Federal Reserve Bank of Dallas President Richard Fisher on Monday said the U.S. central bank cut interest rates last week to avert an unacceptable economic slowdown and said it could move again, in either direction.
"FOMC (Federal Open Market Committee) members will continue taking in-depth soundings on the progress of the economy and the financial markets as we evaluate the impact of the 50 basis point course correction," Fisher told the North Dallas Chamber of Commerce in a speech that was mainly about education.
"Should further correction -- either to port or to starboard -- be needed to stay on the course toward sustainable, noninflationary growth over time, we will make it," he said. Fisher is not a voting member of the FOMC, the Fed's interest-rate setting committee, this year.
The Fed cut its key federal funds interest rate by a larger-than-expected half percentage point on Sept. 18 to 4.75 percent and said it would monitor the economy and act as needed to foster price stability and sustainable growth.
"There was room to cut, the question was by much. We decided by 50 basis points...that was to provide a little more oomph to economic growth," he said in response to a question.
The move was bolder than forecast, but Fisher said that it was not the U.S. central bank's mission to match expectations. "I don't know if it surprised the markets or not...on the other hand, our job is not to satisfy the markets," he told reporters after the speech.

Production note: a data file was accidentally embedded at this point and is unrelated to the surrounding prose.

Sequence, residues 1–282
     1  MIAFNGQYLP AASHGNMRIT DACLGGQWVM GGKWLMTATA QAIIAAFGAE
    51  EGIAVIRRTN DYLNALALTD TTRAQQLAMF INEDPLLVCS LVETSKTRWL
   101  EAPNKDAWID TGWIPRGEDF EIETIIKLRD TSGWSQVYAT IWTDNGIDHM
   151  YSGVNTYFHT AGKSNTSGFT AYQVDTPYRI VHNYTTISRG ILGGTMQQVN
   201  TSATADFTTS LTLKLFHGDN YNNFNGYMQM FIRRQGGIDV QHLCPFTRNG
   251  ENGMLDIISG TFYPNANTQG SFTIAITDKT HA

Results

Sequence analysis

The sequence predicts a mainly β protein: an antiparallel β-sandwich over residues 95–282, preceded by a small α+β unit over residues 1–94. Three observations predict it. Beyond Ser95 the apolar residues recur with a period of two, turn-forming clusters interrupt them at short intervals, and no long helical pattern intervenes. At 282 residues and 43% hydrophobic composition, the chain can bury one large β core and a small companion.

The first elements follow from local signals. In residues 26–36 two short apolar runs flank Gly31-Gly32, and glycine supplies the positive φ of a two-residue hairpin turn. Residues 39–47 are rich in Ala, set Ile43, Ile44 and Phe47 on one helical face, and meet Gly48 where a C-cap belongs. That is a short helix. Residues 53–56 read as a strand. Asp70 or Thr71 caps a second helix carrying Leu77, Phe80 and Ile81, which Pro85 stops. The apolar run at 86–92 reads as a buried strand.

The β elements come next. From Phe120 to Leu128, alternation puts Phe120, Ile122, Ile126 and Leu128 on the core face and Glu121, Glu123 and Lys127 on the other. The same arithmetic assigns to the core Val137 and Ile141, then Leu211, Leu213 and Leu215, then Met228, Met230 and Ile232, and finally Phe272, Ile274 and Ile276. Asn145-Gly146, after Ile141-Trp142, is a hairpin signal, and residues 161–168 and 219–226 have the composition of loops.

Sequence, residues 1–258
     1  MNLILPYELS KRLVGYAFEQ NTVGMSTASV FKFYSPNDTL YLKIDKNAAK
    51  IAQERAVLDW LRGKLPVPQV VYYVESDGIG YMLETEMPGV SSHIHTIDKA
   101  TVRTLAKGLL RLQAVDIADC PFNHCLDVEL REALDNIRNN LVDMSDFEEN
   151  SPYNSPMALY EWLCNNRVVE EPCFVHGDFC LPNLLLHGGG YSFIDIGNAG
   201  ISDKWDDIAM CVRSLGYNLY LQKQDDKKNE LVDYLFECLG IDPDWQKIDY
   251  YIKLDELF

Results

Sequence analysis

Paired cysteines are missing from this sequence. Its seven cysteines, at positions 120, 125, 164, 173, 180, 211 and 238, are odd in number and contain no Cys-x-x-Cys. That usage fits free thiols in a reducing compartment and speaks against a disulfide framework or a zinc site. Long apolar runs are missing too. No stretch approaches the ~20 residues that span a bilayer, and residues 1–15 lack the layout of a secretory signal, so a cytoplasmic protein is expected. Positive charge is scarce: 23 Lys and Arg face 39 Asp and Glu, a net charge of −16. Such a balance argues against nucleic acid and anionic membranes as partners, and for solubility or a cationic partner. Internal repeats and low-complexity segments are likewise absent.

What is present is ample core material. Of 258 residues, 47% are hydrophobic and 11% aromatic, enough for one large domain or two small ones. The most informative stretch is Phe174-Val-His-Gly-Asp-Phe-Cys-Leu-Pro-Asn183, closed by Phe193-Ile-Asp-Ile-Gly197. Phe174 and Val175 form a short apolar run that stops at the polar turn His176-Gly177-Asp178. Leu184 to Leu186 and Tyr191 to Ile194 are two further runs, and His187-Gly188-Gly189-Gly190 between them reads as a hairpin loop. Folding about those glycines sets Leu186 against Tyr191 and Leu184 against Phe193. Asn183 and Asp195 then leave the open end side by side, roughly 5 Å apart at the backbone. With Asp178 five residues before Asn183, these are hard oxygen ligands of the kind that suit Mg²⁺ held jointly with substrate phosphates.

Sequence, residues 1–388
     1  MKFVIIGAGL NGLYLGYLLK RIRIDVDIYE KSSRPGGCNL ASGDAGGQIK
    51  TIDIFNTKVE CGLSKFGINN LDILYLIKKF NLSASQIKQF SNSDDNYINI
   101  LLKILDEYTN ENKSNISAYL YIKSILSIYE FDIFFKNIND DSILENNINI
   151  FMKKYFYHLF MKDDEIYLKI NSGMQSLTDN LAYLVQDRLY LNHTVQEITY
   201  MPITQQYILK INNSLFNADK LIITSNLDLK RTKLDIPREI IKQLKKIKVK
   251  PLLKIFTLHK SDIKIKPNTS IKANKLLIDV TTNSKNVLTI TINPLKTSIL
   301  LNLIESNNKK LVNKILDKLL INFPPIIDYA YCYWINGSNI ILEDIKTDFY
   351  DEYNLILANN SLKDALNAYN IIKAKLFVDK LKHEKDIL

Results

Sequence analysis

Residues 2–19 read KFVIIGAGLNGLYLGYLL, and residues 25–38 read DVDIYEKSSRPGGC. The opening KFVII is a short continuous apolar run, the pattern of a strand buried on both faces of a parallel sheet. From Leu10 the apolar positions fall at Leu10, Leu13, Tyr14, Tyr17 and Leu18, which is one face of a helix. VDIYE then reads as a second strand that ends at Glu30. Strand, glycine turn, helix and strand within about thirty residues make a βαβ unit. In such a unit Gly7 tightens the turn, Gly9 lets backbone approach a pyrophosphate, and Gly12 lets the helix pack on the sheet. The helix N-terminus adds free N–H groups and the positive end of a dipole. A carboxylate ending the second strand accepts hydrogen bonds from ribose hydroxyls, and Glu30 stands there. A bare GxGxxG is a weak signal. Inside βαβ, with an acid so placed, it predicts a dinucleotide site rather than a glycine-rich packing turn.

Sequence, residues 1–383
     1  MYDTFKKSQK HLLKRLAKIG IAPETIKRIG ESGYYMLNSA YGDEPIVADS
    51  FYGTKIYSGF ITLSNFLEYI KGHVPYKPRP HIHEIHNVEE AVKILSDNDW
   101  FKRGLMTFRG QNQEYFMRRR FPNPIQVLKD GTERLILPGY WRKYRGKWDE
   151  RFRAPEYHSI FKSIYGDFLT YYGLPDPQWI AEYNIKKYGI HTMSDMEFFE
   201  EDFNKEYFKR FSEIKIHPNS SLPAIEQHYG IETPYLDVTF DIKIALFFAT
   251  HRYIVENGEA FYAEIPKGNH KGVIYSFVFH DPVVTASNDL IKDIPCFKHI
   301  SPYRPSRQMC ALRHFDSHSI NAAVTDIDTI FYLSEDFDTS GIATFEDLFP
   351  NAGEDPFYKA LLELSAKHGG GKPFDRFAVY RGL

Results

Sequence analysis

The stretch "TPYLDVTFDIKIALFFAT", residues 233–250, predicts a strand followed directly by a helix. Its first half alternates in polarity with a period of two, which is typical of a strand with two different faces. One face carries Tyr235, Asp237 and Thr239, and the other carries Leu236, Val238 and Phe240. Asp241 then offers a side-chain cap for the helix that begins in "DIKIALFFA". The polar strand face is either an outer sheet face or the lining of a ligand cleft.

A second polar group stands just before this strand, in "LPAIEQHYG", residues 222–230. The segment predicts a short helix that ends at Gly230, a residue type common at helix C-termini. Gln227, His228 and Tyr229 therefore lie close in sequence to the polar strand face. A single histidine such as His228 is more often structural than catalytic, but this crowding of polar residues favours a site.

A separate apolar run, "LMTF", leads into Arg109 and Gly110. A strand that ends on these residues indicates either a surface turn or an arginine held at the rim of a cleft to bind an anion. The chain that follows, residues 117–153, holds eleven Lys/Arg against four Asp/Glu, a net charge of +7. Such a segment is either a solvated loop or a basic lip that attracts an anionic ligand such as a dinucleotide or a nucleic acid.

Some fear that the U.S. will be dragged into a recession by the slumping housing market, but Fisher was more upbeat about U.S. economic prospects after the cut.
"I expect economic growth to remain positive," Fisher said. "I expect growth to be stronger than it would have been before we made our decision."
Fisher stressed inflation was a "virus", but the Fed had room for maneuver on policy thanks to favorable data.
"Recent trends in inflationary impulses and expectations... appeared to me to provide some wiggle room to adjust our tiller and steer a more growth-orientated course," he said.
He also acknowledged cutting rates when financial markets were demanding action risked moral hazard -- the danger central bankers make matters worse by bailing out reckless investors and encouraging them to speculate even more.
"Over-correcting our course with too aggressive a shift in the fed funds tiller would have, I believe, undermined the discipline that market forces impose upon wayward financial institutions and investors. Moral hazard is a dangerous predicament for any central banker," he said.
"Yet we had an unsettled money market riddled with angst -- a money market that, in my view, was going into a defensive crouch in which even the best...operators feared that the positions taken by their less prudent brethren may come a cropper and seize up the entire system," he said.